By Barry Zander, Edited by Monique Zander, the Never-Bored RVers
If the title of this blog were really what it’s about, most people wouldn’t bother opening it, but I’ll try to make it worth your time to read on.
A few days ago we visited the J.P. Getty Museum in Los Angeles. In addition to being housed in a true work of modern art, and in addition to having free admission, this is a place to see if you’re in the area. But that only touches on “the where,” not “the what” that this is about.
“The What” is actually two-fold. It’s about expanding any museum experience, and it’s about my wondering, “Why is the photographic art on the walls ‘art’ and my photography just photography? Let’s take them one at a time.
Whenever Monique and I visit a museum of any kind, whether it’s high art, classic cars or American natives history, I try to engage the docents or guards in conversation, asking, “What shouldn’t I miss in this room or in the museum?” When I first started doing this, Monique was skeptical … until she heard the kinds of answers it elicited.
“If you look closely, you’ll see the artist’s lover in the purple swirl.” Or “It was
Smith’s earliest work, so there are inconsistencies that show how her artistry developed,” or “It’s here because the curator wants it here. Makes no sense to me.” I laughed when I heard something close to that at the Getty.
What was startling for me at first was when I asked a 25ish bearded guard which was his favorite work in the room he monitored, expecting him to tell me he had no idea. Instead, he walked over to a very confusing piece, where he explained what he felt was the meaning of the subject depicted. Wow!
Are you still with me? I want to digress for a moment and expand that to souvenir shops. “Hi,” I say, as Monique looks for a place to hide. “I’m a tourist.”
“Nooooo,” is the usual reply. That leads to the clerk/often the owner asking the typical questions that don’t need answers about where we’re from, etc. And now for the ‘payoff.” I ask something like, “Where shouldn’t we eat around here? That’s when the conversation opens up. We learn the best place to eat, what we shouldn’t miss while visiting, and even a bit of hidden history, good and evil. What was ‘just another town’ becomes a memorable stop in our travels.
Example: Ask the forest rangers in El Rio, Texas, where not to eat.
WHY ISN’T MY PHOTOGRPHY ART?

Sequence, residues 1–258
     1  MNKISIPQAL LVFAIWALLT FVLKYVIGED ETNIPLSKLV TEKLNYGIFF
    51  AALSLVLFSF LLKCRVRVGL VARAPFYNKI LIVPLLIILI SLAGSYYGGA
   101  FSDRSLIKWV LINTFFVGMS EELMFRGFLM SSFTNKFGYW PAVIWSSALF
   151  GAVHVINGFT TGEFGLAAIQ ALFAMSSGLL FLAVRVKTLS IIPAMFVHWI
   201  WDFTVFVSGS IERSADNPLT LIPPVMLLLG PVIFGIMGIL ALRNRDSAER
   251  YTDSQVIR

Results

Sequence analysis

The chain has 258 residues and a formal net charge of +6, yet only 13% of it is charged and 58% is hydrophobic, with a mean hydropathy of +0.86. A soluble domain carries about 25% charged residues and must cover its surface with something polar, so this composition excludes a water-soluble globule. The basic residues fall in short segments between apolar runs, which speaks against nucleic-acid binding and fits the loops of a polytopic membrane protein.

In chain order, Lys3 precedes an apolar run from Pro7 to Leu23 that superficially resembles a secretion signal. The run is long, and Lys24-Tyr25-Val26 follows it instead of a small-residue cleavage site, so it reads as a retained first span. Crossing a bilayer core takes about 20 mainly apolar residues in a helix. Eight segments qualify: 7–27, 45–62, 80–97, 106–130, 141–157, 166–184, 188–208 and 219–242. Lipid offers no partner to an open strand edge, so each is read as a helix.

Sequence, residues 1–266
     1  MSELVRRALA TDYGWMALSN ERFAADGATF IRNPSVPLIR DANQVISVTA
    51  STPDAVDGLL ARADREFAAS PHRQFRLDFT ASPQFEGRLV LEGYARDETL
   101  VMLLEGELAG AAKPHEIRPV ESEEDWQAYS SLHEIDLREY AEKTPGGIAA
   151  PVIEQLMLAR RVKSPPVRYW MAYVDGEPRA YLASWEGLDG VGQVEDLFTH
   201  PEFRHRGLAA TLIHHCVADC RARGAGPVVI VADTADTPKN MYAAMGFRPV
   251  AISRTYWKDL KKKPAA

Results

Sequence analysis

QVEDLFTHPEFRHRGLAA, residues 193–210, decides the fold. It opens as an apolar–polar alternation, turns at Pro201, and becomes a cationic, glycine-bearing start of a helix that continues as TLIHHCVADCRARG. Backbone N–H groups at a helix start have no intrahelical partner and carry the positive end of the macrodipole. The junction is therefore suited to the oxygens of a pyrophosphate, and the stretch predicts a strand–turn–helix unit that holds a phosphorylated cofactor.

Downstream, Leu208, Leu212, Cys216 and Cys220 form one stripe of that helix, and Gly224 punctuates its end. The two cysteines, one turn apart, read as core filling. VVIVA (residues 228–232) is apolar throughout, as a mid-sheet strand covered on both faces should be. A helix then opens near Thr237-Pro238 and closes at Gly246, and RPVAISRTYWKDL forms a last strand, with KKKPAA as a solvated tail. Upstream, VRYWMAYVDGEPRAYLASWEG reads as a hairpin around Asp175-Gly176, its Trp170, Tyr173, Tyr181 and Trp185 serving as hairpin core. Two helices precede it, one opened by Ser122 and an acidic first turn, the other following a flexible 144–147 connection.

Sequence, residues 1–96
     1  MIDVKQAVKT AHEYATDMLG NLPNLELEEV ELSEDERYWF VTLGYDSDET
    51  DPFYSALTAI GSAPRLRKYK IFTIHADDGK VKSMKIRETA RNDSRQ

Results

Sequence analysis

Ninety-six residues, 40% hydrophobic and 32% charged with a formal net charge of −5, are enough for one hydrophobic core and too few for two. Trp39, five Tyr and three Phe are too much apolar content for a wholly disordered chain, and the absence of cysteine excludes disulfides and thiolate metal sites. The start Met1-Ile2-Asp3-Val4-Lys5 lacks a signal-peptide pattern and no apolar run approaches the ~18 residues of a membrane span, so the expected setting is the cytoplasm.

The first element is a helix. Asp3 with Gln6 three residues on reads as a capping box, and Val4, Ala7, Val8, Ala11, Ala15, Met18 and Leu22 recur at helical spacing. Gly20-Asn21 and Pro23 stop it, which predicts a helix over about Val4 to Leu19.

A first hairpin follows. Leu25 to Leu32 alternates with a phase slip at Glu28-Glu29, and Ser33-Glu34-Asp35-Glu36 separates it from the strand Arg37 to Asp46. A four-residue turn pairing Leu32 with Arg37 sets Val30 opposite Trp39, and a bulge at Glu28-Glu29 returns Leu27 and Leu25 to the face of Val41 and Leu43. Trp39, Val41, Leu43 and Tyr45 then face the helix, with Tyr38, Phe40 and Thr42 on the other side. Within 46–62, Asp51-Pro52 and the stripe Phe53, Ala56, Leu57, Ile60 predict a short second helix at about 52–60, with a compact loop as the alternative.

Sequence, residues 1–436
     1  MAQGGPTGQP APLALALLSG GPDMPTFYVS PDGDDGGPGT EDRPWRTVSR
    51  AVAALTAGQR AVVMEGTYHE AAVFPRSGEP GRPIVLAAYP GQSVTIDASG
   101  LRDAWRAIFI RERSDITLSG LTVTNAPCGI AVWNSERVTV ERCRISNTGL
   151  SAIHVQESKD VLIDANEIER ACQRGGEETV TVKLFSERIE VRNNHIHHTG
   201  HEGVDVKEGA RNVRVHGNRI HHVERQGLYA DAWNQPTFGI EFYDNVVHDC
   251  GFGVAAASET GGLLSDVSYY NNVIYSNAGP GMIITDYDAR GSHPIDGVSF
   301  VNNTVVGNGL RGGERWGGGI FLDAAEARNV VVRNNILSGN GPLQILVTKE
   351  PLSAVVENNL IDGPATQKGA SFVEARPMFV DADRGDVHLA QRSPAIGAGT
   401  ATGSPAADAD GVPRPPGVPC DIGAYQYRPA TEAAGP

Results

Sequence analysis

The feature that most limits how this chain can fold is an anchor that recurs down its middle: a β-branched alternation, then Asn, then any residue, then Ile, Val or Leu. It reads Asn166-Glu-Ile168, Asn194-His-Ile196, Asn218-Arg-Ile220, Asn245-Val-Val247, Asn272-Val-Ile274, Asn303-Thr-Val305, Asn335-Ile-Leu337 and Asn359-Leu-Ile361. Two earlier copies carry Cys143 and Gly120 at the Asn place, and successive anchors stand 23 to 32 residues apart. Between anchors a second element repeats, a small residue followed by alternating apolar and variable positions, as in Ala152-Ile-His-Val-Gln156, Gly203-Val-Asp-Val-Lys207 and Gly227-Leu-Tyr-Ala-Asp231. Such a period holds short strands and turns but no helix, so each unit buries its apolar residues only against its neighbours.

Well, it is. Why isn’t it hanging in galleries and museums? Because I’ve never taken the time to have it prepared for canvas and framing. Whether it qualifies as art or not is not the issue. It’s the intention.
You take pictures during your travels:
To remember the great places you’ve been
To send to the kids
To post on your Facebook page
Because it’s free after buying the camera and memory card
To print and sell as a fund-raiser for your church bazaar.
It’s pretty much like crocheting or woodworking, I guess. Are the crocheted booties for your granddaughter or to sell at a flea market? Is it a pastime while you’re watching reruns of Oprah? Or something else?
Our granddaughter receives an exquisite carving every year from a friend of the family. Each piece would sell for $75 to $250 in a gallery, but he gives it to her for free. It’s love and it’s because he treasures his works so much he doesn’t want to consider their commercial value.
I was looking at a photograph of a stairway at the Getty. I’ve got pictures just as good, but his is art and mine is, well, still in my collection of snapshots.
Maybe I should take the high road and say, “I don’t want to lower myself by having my work valued.” Ain’t gonna happen. It’s just not a priority to turn what my eye sees into museum or gallery art.
I always put the emphasis on taking photos for the memories – it’s part of our richness in life. And, of course, to make these blogs more interesting.
It’s another reason we’re the “Never-Bored RVers,” We’ll see you on down the road.
© All photos by Barry Zander. All rights reserved